farmer lets him in, and the beggar stirs the soup, saying how good it will taste, but how it

      would be even better if he could add a leek. After similarly convincing his host to

      contribute a chicken and all sorts of other good things, the beggar pulls out the magic nail

      and, indeed, the soup is delicious. The euro is the nail.

      IV. Other Reasons To Be Cautious About Adopting A Single World Currency

      There are other reasons that it may not be desirable to pursue currency

      consolidation all the way to a single world currency:

      • Absent a global government, it would be difficult to establish adequate checks and

      balances on a global central bank. The US Federal Reserve is technically

      independent, but it is also fundamentally a creature of Congress, one that could in

      principle be desolved at short notice. Although the nascent government institutions

      of the European Community are still fairly weak, they nevertheless provides some

      forum for supervision of the European Central Bank. Into the foreseeable future, no

      parallel institution is going to exist at the global level.

      • More generally, political problems could make it difficult to choose top-notch central

      bankers and, equally importantly, conservative central bankers who place a strong


      weight on inflation. In principle, one can design mechanical rules (such as inflation

      targets) which reduce the importance of the individuals governing the central bank. In

      many developing countries, this second-best approach may indeed be far preferable to

      a random draw from the political process, but I am very skeptical of claims that any

      simple mechanical rule can come close to what can be achieved by a grandmaster of

      monetary policy such as Alan Greenspan. This is indeed a common finding in the

      artificial intelligence literature; i.e., that computers can equal "expert" level in many

      fields but not "master" level.

      • Though currency, particularly in its function as a unit of account, is a natural

      monopoly, there are several reasons why it may be desirable to maintain some level

      of competition. Through a number of channels, global currency competition provides

      a check on inflation (as illustrated, for example, in Rogoff, 1985). A related concern

      comes from the natural regulatory functions that a global central bank would have to

      assume (or, if not, that a sister agency would have to assume). In an era of ongoing

      financial innovation, in which paper currency may well become defunct, there are

      ample reasons to be concerned that a global central bank might constrain innovation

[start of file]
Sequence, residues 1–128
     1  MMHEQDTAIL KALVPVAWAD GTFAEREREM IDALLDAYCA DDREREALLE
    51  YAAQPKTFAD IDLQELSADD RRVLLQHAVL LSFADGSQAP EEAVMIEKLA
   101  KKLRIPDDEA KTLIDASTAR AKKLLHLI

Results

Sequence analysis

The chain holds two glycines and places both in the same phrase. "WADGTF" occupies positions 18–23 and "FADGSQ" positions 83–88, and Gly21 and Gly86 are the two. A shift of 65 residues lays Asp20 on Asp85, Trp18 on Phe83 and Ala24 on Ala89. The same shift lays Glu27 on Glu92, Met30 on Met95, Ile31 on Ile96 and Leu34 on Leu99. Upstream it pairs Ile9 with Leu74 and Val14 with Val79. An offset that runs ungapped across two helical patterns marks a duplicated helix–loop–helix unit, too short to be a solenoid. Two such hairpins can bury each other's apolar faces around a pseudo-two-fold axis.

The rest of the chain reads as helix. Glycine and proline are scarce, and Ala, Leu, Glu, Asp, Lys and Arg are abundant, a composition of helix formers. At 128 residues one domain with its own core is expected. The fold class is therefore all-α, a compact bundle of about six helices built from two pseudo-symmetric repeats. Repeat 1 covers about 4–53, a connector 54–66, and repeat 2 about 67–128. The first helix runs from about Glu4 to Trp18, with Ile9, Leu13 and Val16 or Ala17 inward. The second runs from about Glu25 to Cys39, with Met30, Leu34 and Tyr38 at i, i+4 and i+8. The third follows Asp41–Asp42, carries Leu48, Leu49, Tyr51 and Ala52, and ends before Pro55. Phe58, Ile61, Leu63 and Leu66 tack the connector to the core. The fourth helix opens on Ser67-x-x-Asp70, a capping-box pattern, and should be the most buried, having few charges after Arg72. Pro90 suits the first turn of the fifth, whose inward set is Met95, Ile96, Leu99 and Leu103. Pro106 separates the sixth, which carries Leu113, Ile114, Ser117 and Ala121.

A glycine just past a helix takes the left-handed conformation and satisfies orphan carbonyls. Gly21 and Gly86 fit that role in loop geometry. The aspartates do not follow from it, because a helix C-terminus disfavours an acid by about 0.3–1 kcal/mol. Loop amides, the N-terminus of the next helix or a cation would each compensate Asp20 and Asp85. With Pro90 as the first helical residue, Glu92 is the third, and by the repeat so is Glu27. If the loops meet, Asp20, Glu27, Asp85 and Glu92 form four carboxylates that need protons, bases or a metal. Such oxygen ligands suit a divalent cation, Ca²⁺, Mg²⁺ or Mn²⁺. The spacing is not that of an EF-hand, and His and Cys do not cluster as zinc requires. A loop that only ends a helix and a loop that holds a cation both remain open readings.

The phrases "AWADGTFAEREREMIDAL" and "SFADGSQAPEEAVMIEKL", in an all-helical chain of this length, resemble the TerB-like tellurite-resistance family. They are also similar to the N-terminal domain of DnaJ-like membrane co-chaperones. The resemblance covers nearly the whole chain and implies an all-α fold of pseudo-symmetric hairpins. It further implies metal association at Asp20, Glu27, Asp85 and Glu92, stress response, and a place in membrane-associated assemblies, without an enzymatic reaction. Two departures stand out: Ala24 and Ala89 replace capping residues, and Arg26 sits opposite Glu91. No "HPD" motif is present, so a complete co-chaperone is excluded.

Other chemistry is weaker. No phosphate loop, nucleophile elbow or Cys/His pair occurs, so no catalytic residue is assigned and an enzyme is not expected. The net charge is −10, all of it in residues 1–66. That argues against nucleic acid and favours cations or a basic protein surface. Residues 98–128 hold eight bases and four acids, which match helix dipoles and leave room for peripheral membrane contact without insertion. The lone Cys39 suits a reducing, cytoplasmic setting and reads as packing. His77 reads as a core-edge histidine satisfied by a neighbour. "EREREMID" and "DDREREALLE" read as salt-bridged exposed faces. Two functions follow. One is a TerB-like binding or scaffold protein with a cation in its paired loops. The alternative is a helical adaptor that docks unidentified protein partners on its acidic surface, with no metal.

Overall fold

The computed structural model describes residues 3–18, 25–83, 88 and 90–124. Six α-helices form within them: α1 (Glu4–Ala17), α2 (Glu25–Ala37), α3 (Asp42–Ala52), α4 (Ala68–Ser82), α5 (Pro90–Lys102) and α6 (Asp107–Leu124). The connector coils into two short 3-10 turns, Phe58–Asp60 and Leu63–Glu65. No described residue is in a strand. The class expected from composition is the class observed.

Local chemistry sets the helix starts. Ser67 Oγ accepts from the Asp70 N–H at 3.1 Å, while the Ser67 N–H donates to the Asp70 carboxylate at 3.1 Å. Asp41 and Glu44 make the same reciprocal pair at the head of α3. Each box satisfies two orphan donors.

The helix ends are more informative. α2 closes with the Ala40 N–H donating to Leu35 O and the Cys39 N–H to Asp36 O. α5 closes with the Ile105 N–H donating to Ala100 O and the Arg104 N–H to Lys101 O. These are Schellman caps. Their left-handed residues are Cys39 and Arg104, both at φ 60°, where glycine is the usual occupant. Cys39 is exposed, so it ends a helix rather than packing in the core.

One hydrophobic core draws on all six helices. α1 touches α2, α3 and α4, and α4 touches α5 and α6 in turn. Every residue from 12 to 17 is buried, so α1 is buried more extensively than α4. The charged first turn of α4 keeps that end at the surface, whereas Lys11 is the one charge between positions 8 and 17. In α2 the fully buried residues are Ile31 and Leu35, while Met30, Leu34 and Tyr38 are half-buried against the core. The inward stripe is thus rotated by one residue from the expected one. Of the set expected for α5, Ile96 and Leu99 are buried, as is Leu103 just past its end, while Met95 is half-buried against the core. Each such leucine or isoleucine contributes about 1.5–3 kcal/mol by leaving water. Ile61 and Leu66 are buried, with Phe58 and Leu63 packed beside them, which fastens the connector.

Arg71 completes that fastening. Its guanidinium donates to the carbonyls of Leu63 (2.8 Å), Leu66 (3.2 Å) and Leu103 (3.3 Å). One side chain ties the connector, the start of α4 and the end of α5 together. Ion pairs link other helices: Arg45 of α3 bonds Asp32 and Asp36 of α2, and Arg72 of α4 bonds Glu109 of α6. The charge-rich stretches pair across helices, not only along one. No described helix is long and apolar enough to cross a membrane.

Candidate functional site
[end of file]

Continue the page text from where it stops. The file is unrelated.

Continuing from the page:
either out of the desire to maintain a strong monopoly, or simply due to misjudgment.

      These are also going to be problems in the current system, but they would only be

      exacerbated by having a single currency.

      • One could bypass many of the objections I have raised by adopting a world currency

      pegged to a commodity basket (or just, say, to gold). But I believe the invention of

      the modern central bank has actually, on the whole, been a very good one, and

      certainly not worth abandoning for the uncertain gains of global currency unification.


      V. Why Not A Lessor Level Of Coordination Among The Big Three (Euro, Dollar,


      Even if an optimal system requires some degree of monetary response to

      exchange rates, there is a case to be made that the current system already works

      reasonably well. Obstfeld and Rogoff (2000d) show that when monetary policy is

      governed by a rule-based environment (that is, if standard time consistency in monetary

      policy problems can be overcome), then the gains to international monetary cooperation

      are not necessarily very large. While in principle countries may be tempted to tilt their

      rules in a way that improves their individual terms of trade (via the effects of risk on

      wage and price setting), or provides a more favorable correlation between consumption

      and the exchange rate, theory suggests good reasons to believe that these gains are likely

      to be only second order. Loosely speaking, improvements in the terms of trade come

      only at the expense of less effective risk sharing. In their empirical simulations, Obstfeld

      and Rogoff find that the gains to having an optimal global exchange rate system (over the

      noncooperative equilibrium) are two orders of magnitude less than the gains from

      following active versus passive monetary stabilization policy. Interestingly, the argument

      here does not depend at all on having sizable trade costs, and indeed the need for global

      coordination in rule setting is weakest at the extremes where either all goods are traded or

      no goods are traded. Of course, one can argue that some of the world's major central

      banks (notably the ECB and the BOJ) have not yet fully converged to a rule-based

      equilibrium, in which case there is still scope for coordination in the transition.

      VI. Conclusions

      Currency consolidation seems like a desirable and (at present) likely process. But

      it is already important, now, to begin thinking about where consolidation should stop. I

      have argued here that, into the foreseeable future, it would not be desirable to aim for a

      single world currency, and that from an economic point of view, it would be preferable to

      retain at least, say, three to four currencies if not n currencies.